The Internet of Things is rapidly picking up its pace. Connected devices are becoming an integral part of our life, and they range from highly intelligent devices to even the refrigerator at our home. With the rapid increment in connected devices, it is important than ever to design strong security protocols to ensure robust security. IoT device manufacturers must architect security solutions to prevent malicious attacks and cyber threats.
Connected devices can pose a serious threat if the security measures are left compromised. Recently, hackers have released a new range of threats in the form of botnets. A botnet is a collection of internet-connected devices, which may include mobile devices, PCs, servers and IoT devices infected and controlled by a common type of malware. Cyber criminals remotely control such Infected devices, so the operation remains hidden from the real time user. Botnets are used to generate illicit traffic, send spam message, and conduct fraud campaigns. One of the major examples of such threats is the US DDoS attack on Dyn using hacked camera and DVRs.
The creation of botnets is becoming viral; it is becoming easier for hackers to access the latest connected devices with inadequate security protocols. Amongst all, it is the Internet of Things that are commonly targeted by the hackers. There are many reasons why the IoT is vulnerable to hackers, but here are the two common reasons.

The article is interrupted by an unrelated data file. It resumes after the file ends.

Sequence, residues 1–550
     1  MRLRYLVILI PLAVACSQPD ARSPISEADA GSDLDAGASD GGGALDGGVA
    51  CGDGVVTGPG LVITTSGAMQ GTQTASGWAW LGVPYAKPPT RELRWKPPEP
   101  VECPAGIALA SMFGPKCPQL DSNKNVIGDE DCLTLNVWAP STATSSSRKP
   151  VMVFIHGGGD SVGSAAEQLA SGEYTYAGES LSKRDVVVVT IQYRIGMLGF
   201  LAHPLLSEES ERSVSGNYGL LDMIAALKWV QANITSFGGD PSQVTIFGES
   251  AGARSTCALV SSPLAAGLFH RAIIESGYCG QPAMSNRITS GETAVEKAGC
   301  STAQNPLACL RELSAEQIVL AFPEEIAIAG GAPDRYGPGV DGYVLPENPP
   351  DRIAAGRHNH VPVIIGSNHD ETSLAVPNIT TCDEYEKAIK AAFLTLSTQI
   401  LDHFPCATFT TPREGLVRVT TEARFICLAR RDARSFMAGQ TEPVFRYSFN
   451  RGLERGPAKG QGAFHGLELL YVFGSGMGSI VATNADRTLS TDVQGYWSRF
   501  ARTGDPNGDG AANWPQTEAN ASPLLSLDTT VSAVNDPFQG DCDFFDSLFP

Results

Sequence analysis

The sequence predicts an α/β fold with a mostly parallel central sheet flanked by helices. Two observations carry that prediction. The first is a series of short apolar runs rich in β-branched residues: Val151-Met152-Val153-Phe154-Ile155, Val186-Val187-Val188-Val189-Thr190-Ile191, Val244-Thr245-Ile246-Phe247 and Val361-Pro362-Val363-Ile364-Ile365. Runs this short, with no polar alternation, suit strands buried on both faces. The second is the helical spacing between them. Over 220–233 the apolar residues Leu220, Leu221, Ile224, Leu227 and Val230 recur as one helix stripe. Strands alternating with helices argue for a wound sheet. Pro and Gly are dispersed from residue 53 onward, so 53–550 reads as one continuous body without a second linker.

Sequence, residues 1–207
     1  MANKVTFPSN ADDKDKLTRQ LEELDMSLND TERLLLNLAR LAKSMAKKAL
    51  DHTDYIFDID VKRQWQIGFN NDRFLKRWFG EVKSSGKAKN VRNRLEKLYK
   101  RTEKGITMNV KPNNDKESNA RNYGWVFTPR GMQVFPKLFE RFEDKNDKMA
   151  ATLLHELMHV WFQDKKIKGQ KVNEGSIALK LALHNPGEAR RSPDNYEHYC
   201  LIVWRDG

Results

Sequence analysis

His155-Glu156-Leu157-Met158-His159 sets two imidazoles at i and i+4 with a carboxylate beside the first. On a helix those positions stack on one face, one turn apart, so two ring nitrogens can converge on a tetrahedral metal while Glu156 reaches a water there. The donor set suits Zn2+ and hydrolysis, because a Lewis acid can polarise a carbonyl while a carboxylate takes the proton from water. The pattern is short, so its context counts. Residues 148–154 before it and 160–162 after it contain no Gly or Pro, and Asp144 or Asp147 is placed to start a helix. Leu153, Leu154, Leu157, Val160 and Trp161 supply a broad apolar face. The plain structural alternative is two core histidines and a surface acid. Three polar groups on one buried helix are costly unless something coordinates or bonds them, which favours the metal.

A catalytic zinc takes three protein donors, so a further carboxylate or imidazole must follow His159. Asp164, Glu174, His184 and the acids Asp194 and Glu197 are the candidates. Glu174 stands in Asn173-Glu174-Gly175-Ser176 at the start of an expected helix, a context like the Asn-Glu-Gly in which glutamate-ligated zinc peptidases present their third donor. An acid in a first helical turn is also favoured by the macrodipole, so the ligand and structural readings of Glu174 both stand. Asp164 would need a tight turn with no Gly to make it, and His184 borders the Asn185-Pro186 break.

Growing Number of Connected Devices: Not every IoT devices are prone to malicious attacks, but there are plenty of unreliable devices that can make a difference. Most IoT devices are designed without keeping the security measures in mind. As predicted by Gartner, there will be more than 20 billion connected devices until 2020. Even a small percentage of this number can have a massive impact on the technical world.
User Negligence: People take the security of smart devices such as Television, automatic lights, routers and kitchen appliance for granted. Some people don’t even change the password of the devices and run them with the factory settings. And, worse they store the same password for every equipment, providing hackers a clear access to every device. It’s not always the manufacturers; users must also be prepared to embrace this innovative technology.
If individuals and businesses are willing to incorporate Industry 4.0 ideas, they must design effective security protocols to prevent cyber-attacks. Implying new technology and neglecting safety standards can attract emerging threats. The case mainly applies to businesses that run on a single cloud platform. Companies should design proper security to monitor each device individually. IoT devices must be able to detect malicious activity and shut down automatically if required. Botnets are real-time threats, and weak security of IoT devices are empowering them. So, before deploying any of these devices into your home or organization make sure that the security systems are architected perfectly.